28.–(1) If a case has been allocated as a Complex case the Tribunal may, with the consent of the parties, refer a case or a preliminary issue to the President of the Tax Chamber of the First-tier Tribunal with a request that the case or issue be considered for transfer to the Upper Tribunal.

(2) If a case or issue has been referred by the Tribunal under paragraph (1), the President of the Tax Chamber may, with the concurrence of the President of the Tax and Chancery Chamber of the Upper Tribunal, direct that the case or issue be transferred to and determined by the Upper Tribunal.

[7] The formulation of the BT issues, as agreed between the parties, and which President of this tribunal, with the concurrence of the President of the UT, directed were to be transferred to the UT and determined by the UT, was as follows:

  • Issue 1: On the assumption that BT could otherwise have relied on an EU law right to bad debt relief, in respect of bad debts allegedly arising in the prescribed accounting periods running from 1 January 1978 to 31 March 1989, by virtue of article 11(C)(1) of the Sixth VAT Directive, was the exercise of that right in 2009 barred in accordance with the general principles of EU law and/or subject to section 39(5) of the Finance Act 1997?
  • Issue 2: If the answer to Question 1 is in the negative in relation to the general principles of EU law, but affirmative in relation to section 39(5), does section 39(5) fall to be disapplied, or construed, under EU law, in such a way as not to affect the exercise of BT's right under EU law?
  • Issue 3: Do section 80 of the Value Added Tax Act 1994 and section 121 of the Finance Act 2008 apply to BT's claim irrespective of the answer to Question 1.

[8] The direction for the transfer of the BT issues was made pursuant to a joint application made by the parties:

  • Initially, in an application of 13 April 2011, the parties applied for the whole case to be transferred to the UT.
  • On 26 April 2011, the President of the tribunal informed the parties that he and the President of the UT were willing to agree to the transfer provided that the UT was not required to determine issues of fact or quantum.
  • It appears from the correspondence that the parties sought to address the concern on the fact finding by agreeing a statement of facts which they proposed to provide to the UT. However, in a letter of 9 September 2011 from BT to the UT, BT noted that the parties had confirmed in June 2011 that it was not possible to confirm definitively that all conceivable questions of fact would be agreed in advance between the parties and that some issues of fact may yet require some determination by the UT (or perhaps remission back to the tribunal).
  • When the parties failed to reach agreement on a statement of facts, it was decided to seek the transfer of preliminary issues to the UT only. On 30 September 2011 the UT confirmed that the Presidents of the tribunal and the UT were willing to agree to the transfer of a preliminary issue under rule 28 to be heard immediately following the appeal of GMAC provided the parties produced an agreed preliminary issue which was acceptable to the President of the UT. It was also stated that the transfer would not be made if the UT were to be expected to find the facts.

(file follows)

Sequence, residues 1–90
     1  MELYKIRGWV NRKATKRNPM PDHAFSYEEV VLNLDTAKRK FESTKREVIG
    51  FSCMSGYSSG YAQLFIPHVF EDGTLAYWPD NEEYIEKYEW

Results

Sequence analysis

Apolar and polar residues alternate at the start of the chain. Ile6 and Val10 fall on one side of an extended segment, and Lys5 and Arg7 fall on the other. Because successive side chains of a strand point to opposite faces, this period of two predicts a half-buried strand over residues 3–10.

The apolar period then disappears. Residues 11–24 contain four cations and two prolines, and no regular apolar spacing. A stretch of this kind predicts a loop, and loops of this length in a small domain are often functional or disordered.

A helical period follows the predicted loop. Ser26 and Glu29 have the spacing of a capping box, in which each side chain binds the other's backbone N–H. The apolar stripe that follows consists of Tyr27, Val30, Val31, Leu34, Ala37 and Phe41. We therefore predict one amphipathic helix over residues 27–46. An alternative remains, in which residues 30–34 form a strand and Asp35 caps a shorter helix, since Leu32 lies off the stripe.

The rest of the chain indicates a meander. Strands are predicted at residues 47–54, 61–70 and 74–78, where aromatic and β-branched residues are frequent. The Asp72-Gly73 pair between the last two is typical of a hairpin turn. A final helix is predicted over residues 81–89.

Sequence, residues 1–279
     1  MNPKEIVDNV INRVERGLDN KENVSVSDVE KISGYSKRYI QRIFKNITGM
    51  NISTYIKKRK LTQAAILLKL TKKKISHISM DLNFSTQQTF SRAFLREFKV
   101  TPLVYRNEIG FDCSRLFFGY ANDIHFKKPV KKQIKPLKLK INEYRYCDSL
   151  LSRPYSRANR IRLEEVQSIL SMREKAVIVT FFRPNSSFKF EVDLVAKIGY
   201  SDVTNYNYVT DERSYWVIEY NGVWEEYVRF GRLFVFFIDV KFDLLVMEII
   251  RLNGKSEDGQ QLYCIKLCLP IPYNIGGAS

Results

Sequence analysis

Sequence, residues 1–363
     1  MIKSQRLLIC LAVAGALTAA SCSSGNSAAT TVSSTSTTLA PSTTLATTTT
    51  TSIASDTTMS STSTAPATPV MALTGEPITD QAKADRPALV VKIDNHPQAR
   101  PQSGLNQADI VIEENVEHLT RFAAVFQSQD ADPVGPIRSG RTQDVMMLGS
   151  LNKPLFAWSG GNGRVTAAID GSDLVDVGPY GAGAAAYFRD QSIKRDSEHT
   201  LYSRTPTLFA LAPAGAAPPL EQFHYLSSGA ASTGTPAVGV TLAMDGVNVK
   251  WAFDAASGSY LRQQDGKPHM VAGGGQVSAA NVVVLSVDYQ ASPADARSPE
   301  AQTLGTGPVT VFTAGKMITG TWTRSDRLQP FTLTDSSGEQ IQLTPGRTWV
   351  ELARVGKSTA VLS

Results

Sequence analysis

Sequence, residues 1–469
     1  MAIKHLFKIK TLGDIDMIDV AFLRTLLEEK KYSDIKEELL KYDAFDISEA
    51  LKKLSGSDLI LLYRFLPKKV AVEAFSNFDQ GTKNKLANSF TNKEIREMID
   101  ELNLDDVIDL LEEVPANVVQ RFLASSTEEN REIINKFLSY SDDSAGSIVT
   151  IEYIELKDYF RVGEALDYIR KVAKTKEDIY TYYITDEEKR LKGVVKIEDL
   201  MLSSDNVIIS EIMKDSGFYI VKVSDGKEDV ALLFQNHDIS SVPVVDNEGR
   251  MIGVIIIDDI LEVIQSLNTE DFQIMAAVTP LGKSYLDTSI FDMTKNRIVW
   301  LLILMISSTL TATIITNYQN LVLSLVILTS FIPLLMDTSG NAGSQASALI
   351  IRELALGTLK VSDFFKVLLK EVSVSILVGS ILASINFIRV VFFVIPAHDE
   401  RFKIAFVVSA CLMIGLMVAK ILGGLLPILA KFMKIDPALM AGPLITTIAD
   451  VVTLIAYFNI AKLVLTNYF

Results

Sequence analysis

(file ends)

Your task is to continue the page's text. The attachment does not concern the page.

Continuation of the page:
• The correspondence between the parties shows that a number of changes were made to the initial drafts of the BT issues, in particular:in the initial draft prepared by BT, what became BT issue 3 was worded differently to ask whether s 121 was applicable which would make BT's claim in time; andin earlier versions, in what became BT issue 2, there was additional wording at the end which said in circumstances where the relevant national provisions implementing [article 11(C)(1)] in relation to supplies made before July 1990 were repealed after due notice had been given to taxable persons and their legitimate expectations were respected?.As explained in Parts D and E, BT argued that the fact that these references were not included in the final version of the BT issues means that the question of whether the BT claims were made in time under s 121 and issues relating to due notice and legitimate expectations were not included in the scope of the BT issues transferred to the UT for determination.
  • On these points BT's counsel, Ms Lyndsey Frawley, set out in an email to HMRC of 23 January 2012 that the main concern was that BT did not accept that BT had any legitimate expectation as regards bad debt relief under the Old Scheme and so could not accept wording that, in its view, suggested there was such an expectation and:It is, of course, a matter for [HMRC] how they then put their submission and whether or not they wish to raise legitimate expectation. It is, however, our view that the inclusion of such a term in the question itself, as if it were an agreed fact, is not appropriate.There are a number of other formulations that we can agree and we would, again, invite [HMRC] to provide a timeline regarding the notices etc. that they say are pertinent. Perhaps the timeline...